Monday, July 11, 2005

Rate Beer Summer Gathering Montreal

I had a great time this past weekend, starting with the Grand Tasting on Friday night:

Imagine ~60 of us at a small hotel conference room opening bottles upon bottles of beer, most of it fantastic (or supposed to be), though some of it is disappointing. Of the 60 people, 58 are men, about 8 people are over 40, 15 between 30 and 40, and the remainder under 30. You've got people from Montreal, Toronto, Ottawa, Vancouver, Colorado, Idaho, Oklahoma, Vermont, Wisconsin, DC, Michigan, Texas, Tennessee, West Virginia, California, Pennsylvania, and one hardy soul from Copenhagen. (and I'm sure I'm forgetting where a few people are from).

People arrive and either there's a finger-pointing asking who that guy is, or there's a "Norm"-like shout. In most cases you have people who take their beer as seriously as Miles from the movie Sideways took his wine (Kathy started cracking up watching the movie because it looked so familiar) -- though there's some milling, we sit at tables so we can take notes and rate the beers we are trying. Fortunately, it isn't gloominess - there's joy at sharing such wonderful treats with other beer geeks, especially when it's with people you've been conversing with on line for years. And of course the free-flowing beer, much of it with alcohol content high above standard beers, helps elevate the mood, as well as the volume. Rare bottles are opened, and people come forth from all over the room for their opportunity to try the nectar within. There are too many beers worth trying, and oftentimes not enough quantity of each for everyone who's interested to try, so it's impossible to try even half of them. There's often a twinge over a beer that you don't get to try, but it's easily assuaged by the next great beer you fill your glass with.

A couple of guys in their early 20s (known for years as having the most ratings while they were underage) show up with a 1/6 keg of a beer that's one of the Top 50 on the site. Later in the night one of the most esteemed members of the site (for both his palate and the sheer number of ratings he has) is encouraged to do a "keg stand" with it (in case you're wondering (and I didn't know what it was either), a couple of people pick him up and hold him upside down over the keg, while running the tap directly in his mouth) -- the member acquiesces and goes at it until it starts getting in his nose.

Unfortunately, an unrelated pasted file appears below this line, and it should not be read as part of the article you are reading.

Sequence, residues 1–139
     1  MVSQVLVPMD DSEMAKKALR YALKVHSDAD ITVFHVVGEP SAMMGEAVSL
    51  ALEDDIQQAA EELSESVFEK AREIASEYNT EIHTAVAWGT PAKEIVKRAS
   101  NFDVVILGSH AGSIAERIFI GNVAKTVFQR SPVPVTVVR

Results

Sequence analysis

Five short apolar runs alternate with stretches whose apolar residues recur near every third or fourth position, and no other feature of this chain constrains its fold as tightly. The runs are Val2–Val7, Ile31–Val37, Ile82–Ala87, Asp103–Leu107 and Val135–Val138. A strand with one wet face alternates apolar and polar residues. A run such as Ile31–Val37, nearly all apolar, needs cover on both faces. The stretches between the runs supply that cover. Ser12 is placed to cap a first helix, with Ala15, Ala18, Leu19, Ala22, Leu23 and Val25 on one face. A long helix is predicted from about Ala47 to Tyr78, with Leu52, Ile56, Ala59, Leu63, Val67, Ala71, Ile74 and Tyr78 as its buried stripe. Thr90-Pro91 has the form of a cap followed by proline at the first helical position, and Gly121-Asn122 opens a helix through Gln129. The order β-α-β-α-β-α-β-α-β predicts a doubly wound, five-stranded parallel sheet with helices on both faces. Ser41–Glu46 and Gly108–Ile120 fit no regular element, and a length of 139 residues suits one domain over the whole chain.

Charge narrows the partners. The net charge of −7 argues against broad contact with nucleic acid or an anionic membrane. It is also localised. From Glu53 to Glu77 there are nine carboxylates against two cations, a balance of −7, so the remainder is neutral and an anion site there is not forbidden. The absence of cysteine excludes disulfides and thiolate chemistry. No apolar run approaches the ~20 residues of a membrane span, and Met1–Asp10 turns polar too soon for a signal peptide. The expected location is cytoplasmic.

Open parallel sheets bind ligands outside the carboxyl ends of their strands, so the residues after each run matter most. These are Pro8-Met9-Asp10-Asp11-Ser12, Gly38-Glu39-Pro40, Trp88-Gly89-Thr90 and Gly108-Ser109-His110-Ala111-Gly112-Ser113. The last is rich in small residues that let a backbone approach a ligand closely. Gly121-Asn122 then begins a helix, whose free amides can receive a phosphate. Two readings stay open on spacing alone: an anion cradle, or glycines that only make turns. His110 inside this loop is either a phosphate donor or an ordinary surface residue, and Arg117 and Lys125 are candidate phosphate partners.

Bad beer is brought out for a laugh -- a "highlight" of the evening occurs when someone produced a can of the famous "Billy Beer," made in honor of then President Carter's ne'er-do-well brother. I feel fortunate to have taken a sip of this nearly 30-year-old beer that was bad then and disgusting now -- it is, after all, a testament to U.S. history.

Palate fatigue is inevitable, despite lots of water and bread/crackers/cheese. I begin passing on beers that I'd otherwise want because I know my tastebuds aren't fit to appreciate their subtle qualities. I'm one of the early birds, turning in just past 1am (7.5 hours after the festivities began), but not before grabbing a couple of bottles to take home. I took very little -- those who stayed up until the end (around 3:30) got some real treasures.

That was the first night. Saturday we went to one of the best brewpubs in the world as a group, Dieu du Ciel. Then we broke off into smaller groups to hit other brewpubs, drink more beers back at the hotel, or take in some of the city on a rainy day. I mostly did #1 and #2 on the post-DDC menu.

Sunday many people left, but 14 of us went into the countryside to hit three cideries, then a beer dinner at a nice restaurant, then a brewpub. It was a very warm sunny day, a great one to be out in the country. And though I would've been happy with fewer cideries, it was a nice change of pace to learn about something I know nothing about. In this case, Quebec is home to the a unique style of cider, the Ice Cider, which is made either by freezing the cider and taking the more concentrated product; or by using certain varieties of apples that don't fall from the trees and instead freeze on them (I'm sure someone will correct me if I don't quite have that right). The first place we went to had a tremendously tasty version of each type of ice cider.

And now I'm back in DC, after catching a morning flight and working most of the day. I've got lots of ratings to enter, but I'll have to get to them another time -- I'm pretty worn out.


Nat&Jim said...

Sounds like you had a great time! It must have been amazing meeting so many people and having the opportunity to drink so many quality beers. I would have loved to be there too!!! The Cideries sound pretty interesting and it sounds like you had a good time driving around. BTW - tell Kathy that I was rolling on the floor watching Sideways - oh yeah, there is a lot of familiar things in there!


Mary P. said...

I'm making a mental note: when in Montreal next, check out the Dieu de Ciel. What's the address?

We had a local pub here (since gone under) that served some bizarre beers. I remember banana, and chocolate. It's pretty obvious why it went under, really...

Anonymous said...

Welcome hme, Aaron. It is indeed a difficult job to drink all those fabulous beers - good thing you're up to it. Take care,